By John Borrie, Tim Caughley, and Wilfred Wan
The probability and consequences of nuclear weapon detonation events are far from trivial and underline the need for concerted action to resume disarmament with a view to achieving a nuclear weapons-free world.
Here is a list of key facts and trends drawn from the contributions to our report, “Understanding Nuclear Weapon Risks,” for policymakers as they discuss next possible steps to take in nuclear risk reduction.
- Risk is intrinsic to nuclear deterrence doctrine as instilling uncertainty in potential adversaries is regarded as a beneficial property. Yet in a nuclear crisis situation, mistakes in estimating the inadvertent outcomes of given behaviors and interactions can lead to further escalation or actual nuclear conflict.
- Despite claims to the contrary by possessors, nuclear modernization is making nuclear weapons more usable by improving their operational flexibility and effectiveness in locating and reliably destroying targets.
- Such modernization efforts (e.g., nuclear-armed cruise missile capabilities) threaten strategic stability by creating ambiguity that increases the chance of miscalculation, misperception, escalation, and arms racing.
- Technological and doctrinal modernization efforts aimed at allowing for greater integration of conventional and nuclear warfare threaten long-standing taboos related to nuclear weapons testing and use.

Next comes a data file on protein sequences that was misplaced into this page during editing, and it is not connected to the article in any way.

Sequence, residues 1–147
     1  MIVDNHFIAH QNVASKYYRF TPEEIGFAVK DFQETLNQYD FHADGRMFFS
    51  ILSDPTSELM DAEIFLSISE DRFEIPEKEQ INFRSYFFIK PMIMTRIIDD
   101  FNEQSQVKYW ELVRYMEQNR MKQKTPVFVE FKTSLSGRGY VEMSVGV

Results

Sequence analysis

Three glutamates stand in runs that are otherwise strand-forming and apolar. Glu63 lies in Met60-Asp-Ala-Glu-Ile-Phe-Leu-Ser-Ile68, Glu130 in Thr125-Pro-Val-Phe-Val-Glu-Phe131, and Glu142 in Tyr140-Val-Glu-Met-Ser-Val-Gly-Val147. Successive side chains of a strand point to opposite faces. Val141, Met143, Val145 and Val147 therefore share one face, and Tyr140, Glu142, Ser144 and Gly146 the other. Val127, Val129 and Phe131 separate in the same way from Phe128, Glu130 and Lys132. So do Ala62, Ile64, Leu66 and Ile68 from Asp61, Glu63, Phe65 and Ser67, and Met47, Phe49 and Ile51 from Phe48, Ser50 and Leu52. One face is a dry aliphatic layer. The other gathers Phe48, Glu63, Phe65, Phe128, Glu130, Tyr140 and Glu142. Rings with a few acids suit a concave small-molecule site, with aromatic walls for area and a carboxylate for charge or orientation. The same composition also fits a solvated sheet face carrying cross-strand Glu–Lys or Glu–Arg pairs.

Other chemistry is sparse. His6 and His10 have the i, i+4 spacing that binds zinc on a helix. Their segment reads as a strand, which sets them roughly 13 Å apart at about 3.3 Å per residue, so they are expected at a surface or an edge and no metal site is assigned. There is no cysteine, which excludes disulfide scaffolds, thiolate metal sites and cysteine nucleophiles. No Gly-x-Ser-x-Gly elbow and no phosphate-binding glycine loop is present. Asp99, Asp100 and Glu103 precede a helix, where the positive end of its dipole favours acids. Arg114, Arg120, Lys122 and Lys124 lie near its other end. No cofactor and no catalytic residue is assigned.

- Technological advances of various kinds add new complexities and potential failure points that will strain early-warning and command and control systems, while compressing human decision-making timelines and exposing those systems to false alarms and accidents.
- New technologies also expand the range of actors, including nonstate actors, that might be able to exploit vulnerabilities (e.g., in cyberspace) in nuclear weapons systems, including in indirect ways such as the manipulation of policymakers’ and military strategists’ perceptions. This could have profound effects in a crisis.
- The idea that nuclear command and control systems can be fully air-gapped from the outside is a myth, and they contain components that are vulnerable in ways not fully understood.
- Given also considerable uncertainties (e.g., about the impacts of natural disasters and other phenomenon), the probabilistic risk acceptability criteria that guide national approaches to both power plants and weapons should not be taken as an actual measure of safety.
- Recent attention on securing highly enriched uranium and plutonium stocks and sites is laudable, but has been inconsistent and remains concentrated only on civilian nuclear material when the majority of stocks are in military hands.
- Independent safety oversight remains largely lacking in the domain of nuclear weapons, a special concern given its crucial importance in reducing the frequency of serious accidents across a range of hazardous technologies.
- New and smaller nuclear powers can exacerbate risk, as they may have less secure physical and operational control of their nuclear weapons and less doctrinal transparency and are particularly susceptible to political turmoil, governmental instability, and crisis situations.
By identifying some of the most pertinent variables linked to a potential nuclear weapons detonation event, the study extends a conversation about the whole-of-the-risk equation. It points to issues on which nuclear weapons possessors and nonpossessors alike should engage with a view to reducing the risk of use of nuclear weapons.
John Borrie is chief of research at the UN Institute for Disarmament Research (UNIDIR). Tim Caughley, a resident senior fellow at UNIDIR, manages its project on the humanitarian impact of nuclear weapons use. Wilfred Wan is a research consultant with UNIDIR. This piece is adapted from the April UNIDIR report “Understanding Nuclear Weapon Risks.”